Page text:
Sport24 Wire
3 minute read
31 Dec 2019
8:28 am

Maharaj, even when underused, shows Proteas worth

Sport24 Wire

The 29-year-old left-arm orthodox showed at SuperSport Park that he still has an important role to play for this side.

South Africa's Keshav Maharaj shows the ball as he celebrates taking nine wickets during the second day of the second Test match between Sri Lanka and South Africa at the Sinhalese Sports Club (SSC) international cricket stadium in Colombo on July 21, 2018. / AFP PHOTO / ISHARA S. KODIKARA

With four seamers operating on a wicket that was offering them significant assistance, the Proteas didn’t need spinner Keshav Maharaj to bowl a myriad of overs in the first Test against England at Centurion.

That is not uncommon on South African wickets of the recent past, but the 29-year-old left-arm orthodox showed at SuperSport Park that he still has an important role to play for this side.

England, with Jack Leach out injured, were unable to field a specialist spin bowler and it was a luxury the Proteas benefited from in the form of Maharaj.

While he went 0/18 (4) in the first innings as England were rolled for 181, Maharaj then sparked in the second innings with two key wickets for his side at crucial moments in the game to finish 2/37 (16) .

The first of those wickets came deep into day three when England, chasing a highly improbable 376 for victory, had made the perfect start to get to 92/0 through openers Rory Burns and Dom Sibley.

With the Protea seamers unable to make the breakthrough, skipper Faf du Plessis threw the ball to Maharaj and he didn’t have to wait long for success as Sibley chipped back to the bowler to get the hosts on their way.

The even more important moment, though, came on day four when Maharaj removed dangerman Ben Stokes for 14.

As long as Stokes was at the wicket, the Proteas could never be comfortable given is 2019 World Cup and Ashes heroics.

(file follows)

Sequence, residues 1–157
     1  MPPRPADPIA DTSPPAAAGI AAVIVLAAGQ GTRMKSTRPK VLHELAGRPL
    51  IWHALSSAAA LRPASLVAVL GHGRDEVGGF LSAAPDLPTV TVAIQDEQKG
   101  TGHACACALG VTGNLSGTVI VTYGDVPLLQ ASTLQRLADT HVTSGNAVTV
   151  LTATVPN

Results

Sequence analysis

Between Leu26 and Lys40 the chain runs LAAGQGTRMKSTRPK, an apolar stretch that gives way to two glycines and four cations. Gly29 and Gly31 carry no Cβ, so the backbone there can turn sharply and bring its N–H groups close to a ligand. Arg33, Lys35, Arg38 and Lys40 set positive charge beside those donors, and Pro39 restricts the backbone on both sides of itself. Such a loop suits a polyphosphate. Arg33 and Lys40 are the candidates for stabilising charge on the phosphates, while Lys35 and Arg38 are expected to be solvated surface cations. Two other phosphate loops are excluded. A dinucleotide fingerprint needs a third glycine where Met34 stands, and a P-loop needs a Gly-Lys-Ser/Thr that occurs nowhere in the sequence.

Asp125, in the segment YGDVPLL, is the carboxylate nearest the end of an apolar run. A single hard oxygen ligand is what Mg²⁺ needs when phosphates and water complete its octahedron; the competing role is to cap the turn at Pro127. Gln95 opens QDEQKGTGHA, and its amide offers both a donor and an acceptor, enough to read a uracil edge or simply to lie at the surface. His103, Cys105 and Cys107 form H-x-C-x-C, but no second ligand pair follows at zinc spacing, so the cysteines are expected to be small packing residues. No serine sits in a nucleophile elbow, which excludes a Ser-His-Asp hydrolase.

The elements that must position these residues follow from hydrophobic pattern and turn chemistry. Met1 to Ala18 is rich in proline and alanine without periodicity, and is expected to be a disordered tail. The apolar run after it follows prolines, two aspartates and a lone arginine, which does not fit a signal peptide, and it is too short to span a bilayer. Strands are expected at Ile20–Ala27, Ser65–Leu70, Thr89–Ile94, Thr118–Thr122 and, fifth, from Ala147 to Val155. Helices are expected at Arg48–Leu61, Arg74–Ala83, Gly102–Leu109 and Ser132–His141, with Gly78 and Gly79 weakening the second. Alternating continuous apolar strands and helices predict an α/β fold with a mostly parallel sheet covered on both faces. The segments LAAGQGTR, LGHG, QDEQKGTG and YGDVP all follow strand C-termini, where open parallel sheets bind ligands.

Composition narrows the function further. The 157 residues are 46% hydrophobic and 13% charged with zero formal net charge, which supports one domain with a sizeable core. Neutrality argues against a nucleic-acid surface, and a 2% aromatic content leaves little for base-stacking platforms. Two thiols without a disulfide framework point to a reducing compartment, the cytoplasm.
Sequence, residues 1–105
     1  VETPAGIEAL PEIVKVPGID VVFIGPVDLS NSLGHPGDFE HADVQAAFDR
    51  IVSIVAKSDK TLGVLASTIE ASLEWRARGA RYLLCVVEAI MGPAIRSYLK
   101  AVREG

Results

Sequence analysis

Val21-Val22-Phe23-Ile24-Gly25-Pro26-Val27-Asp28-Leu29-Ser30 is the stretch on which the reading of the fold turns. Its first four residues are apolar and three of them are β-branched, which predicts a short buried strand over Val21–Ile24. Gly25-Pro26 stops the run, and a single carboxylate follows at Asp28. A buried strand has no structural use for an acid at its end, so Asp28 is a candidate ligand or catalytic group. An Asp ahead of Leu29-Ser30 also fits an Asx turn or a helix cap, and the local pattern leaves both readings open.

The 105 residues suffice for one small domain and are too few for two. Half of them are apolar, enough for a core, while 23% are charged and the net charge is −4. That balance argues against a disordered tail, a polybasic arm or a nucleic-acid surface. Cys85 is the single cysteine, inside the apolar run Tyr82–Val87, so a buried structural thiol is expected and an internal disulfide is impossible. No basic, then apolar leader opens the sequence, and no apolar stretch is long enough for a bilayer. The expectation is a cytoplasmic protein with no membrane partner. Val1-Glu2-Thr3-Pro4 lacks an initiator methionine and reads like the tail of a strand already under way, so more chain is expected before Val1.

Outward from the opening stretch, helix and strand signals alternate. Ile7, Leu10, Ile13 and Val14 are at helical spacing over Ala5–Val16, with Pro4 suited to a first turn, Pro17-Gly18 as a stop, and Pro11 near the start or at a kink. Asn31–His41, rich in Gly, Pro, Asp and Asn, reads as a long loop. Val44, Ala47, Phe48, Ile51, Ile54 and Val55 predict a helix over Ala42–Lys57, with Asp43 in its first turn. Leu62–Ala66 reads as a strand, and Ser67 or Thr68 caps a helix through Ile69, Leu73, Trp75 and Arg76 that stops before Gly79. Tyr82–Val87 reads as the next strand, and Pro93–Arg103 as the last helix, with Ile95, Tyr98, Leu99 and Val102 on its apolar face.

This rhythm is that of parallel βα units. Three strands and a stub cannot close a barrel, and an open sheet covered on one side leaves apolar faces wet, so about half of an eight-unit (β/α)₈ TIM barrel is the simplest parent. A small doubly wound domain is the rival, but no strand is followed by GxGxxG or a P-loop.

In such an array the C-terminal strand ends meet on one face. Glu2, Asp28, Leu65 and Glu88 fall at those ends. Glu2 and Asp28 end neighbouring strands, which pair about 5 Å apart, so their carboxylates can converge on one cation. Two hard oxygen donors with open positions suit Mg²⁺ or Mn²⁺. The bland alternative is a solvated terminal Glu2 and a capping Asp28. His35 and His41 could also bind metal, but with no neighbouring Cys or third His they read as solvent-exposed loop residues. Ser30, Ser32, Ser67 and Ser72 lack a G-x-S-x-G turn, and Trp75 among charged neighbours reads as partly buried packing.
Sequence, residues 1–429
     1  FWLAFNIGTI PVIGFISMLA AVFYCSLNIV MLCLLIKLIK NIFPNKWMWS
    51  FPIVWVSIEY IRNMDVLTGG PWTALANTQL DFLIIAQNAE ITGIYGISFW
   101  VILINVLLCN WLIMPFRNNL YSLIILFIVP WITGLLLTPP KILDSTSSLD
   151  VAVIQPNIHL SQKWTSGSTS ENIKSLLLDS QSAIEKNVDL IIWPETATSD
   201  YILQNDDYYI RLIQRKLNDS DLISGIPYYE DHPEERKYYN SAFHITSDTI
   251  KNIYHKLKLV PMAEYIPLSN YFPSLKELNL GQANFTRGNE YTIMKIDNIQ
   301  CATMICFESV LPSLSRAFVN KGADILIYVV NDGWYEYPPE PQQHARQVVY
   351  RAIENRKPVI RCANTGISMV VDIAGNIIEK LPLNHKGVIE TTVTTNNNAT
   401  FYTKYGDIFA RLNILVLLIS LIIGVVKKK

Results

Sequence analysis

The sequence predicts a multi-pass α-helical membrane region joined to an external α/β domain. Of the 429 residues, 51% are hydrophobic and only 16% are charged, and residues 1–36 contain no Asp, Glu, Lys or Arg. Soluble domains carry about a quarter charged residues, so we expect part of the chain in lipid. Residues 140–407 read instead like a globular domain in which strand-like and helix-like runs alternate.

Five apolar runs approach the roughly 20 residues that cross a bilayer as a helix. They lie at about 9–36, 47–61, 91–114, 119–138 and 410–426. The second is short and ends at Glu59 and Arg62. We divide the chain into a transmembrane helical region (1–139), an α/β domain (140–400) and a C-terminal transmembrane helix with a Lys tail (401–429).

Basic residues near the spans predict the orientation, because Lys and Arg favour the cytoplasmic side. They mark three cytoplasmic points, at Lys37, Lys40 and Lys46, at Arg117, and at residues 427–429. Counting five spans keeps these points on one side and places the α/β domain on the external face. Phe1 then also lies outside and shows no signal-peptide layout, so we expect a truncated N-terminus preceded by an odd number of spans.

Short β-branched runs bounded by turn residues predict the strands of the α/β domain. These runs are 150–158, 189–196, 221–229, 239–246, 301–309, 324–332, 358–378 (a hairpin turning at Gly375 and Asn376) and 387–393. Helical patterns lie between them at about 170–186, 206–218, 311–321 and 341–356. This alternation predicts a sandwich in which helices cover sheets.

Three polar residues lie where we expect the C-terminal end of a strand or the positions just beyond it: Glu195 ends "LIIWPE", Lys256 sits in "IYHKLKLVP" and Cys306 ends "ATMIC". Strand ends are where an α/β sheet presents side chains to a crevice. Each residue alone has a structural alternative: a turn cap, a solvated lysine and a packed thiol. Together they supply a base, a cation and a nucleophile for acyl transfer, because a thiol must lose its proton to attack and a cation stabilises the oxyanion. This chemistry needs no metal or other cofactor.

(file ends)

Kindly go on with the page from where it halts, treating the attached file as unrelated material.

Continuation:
When Stokes edged a cut onto his stumps, Maharaj and the Proteas erupted in a moment that showed just how much it meant to them.

While South Africa went on to secure a comfortable 107-run victory to go 1-0 up in the series, the feeling of contributing significantly to that win will go down a treat for Maharaj in what has been a testing year.

Du Plessis, though, never lost faith in his spinner.

“We at the back of the stumps had a lot of confidence in Kesh. We kept saying that we felt in the second innings that he was going to get Ben Stokes out,” Du Plessis said.

“Obviously the way that Stokes plays, he is going to take the game on.

“We just had a gut feeling that it was going to happen. You’ve got to stay true to that and you can’t measure it over by over. It’s a feeling that you have to try and stick with.

“It was a massive wicket for us. Stokes has proven in the Ashes that if he is around, he can win the game on his own.”

With the Test series now moving to Cape Town and then Port Elizabeth, Maharaj can expect to do more bowling as things progress.

“Even though Kesh didn’t bowl as much as he would have liked, the wickets he got for us in the second innings were huge,” Du Plessis added.

The second Test at Newlands starts on January 3.

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